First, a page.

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Back-door bug may live on in cleaned computers

  1. Back-door bug may live on in cleaned computers
    By Sue Lowe
    October 5 2002





    The estimated 2200 Australian companies and individuals attacked by the Bugbear computer virus this week have been advised to change all passwords, especially to Internet banking sites or where credit card details are stored.

    Australia was one of Bugbear's biggest targets, reporting about 10 per cent of the 22,000 attacks logged in the first three days.

    While other viruses, such as Melissa, were more prolific, Bugbear carries a nastier payload.

    Bugbear is said to create an open "back door" into a computer system through which email and data could be accessed and stolen.

    It brings with it a program that can record the computer user's keystrokes, including passwords.


    An alert from the United States' National Infrastructure Protection Centre, issued yesterday, highlighted the risks to recipients even after they have cleaned their systems with anti-virus software.

    "The worm is capable of intercepting victims' Internet activity, for example, credit card information, banking information, user names and passwords," the alert said.

    "The NIPC is urging all infected owners to change log-ins and passwords after the infection has been reported and removed."

    Jamie Gillespie, a security analyst with the Australian Computer Security Response Team, said: "Even if the system is cleaned, all the data entered while the virus was active may still be sitting somewhere for future malicious use."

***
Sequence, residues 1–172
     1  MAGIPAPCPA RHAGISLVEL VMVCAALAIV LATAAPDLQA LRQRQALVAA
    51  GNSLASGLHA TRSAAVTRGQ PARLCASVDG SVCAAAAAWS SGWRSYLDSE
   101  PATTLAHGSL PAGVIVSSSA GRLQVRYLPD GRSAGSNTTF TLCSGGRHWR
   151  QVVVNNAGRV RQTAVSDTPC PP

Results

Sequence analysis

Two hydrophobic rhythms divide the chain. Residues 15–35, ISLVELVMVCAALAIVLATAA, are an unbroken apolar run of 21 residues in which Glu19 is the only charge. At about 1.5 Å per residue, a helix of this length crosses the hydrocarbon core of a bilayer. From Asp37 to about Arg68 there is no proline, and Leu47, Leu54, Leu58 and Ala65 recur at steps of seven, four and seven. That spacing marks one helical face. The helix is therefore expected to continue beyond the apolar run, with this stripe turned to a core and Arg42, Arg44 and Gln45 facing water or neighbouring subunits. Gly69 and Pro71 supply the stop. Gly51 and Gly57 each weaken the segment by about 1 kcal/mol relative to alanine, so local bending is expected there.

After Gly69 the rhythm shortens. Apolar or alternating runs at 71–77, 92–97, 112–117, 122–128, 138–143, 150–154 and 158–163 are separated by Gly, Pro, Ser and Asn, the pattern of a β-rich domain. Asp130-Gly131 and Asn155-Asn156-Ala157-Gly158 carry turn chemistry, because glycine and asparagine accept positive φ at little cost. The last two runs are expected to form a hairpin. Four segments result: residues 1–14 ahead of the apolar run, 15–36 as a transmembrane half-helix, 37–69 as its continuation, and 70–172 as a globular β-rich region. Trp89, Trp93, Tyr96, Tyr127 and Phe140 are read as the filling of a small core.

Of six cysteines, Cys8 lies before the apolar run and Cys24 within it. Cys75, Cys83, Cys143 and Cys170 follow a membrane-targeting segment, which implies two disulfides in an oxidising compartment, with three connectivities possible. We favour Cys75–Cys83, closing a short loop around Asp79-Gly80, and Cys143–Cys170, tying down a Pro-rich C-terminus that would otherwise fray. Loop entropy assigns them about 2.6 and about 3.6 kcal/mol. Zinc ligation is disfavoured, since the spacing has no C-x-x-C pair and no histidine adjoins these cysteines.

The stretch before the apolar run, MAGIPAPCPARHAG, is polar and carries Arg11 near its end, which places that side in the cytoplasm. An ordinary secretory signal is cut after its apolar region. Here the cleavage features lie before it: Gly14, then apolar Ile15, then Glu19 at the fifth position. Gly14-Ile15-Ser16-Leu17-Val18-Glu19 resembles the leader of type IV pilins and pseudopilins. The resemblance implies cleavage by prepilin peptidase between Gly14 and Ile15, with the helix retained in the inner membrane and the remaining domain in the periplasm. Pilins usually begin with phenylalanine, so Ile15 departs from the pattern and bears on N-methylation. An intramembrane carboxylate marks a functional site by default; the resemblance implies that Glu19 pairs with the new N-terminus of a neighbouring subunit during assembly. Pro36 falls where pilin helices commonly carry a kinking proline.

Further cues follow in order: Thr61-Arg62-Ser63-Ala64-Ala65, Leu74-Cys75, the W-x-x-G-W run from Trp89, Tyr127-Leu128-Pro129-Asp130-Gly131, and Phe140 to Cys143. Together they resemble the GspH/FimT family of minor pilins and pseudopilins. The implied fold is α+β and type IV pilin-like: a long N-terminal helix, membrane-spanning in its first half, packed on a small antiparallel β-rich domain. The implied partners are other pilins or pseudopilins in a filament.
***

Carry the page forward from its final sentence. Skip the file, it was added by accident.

John Geurts, security head at the Commonwealth Bank , which has the largest number of Internet bankers in Australia, said: "It's not a major concern for the bank at this stage.

    "We've seen no evidence of Bugbear internally or through [online] customers."

    He added that the bank routinely scanned for strange behaviour on user accounts.

    However, the Commonwealth Securities division of the bank does appear to have become an indirect victim of an earlier virus. A number of emails have been reported that purport to be from the company and which include valid account numbers, but are disguised viruses.

    Mr Geurts said it was possible for viruses such as Klez, still the most prolific virus, to use a name from an Outlook address book to disguise itself before self-replicating through the email.

    "It would have come from a customer of the bank who was infected," he said.

    He was aware of only one complaint from a customer.

    Westpac also said Bugbear was not seen as a major problem at the bank.

    One of New Zealand's largest Internet service providers said it had filtered out about 25,000 copies of the virus on Tuesday, the day after the virus hit.

    Telstra said it had not seen evidence of the virus internally, but had "a low level" of calls from BigPond Internet customers who had become infected.

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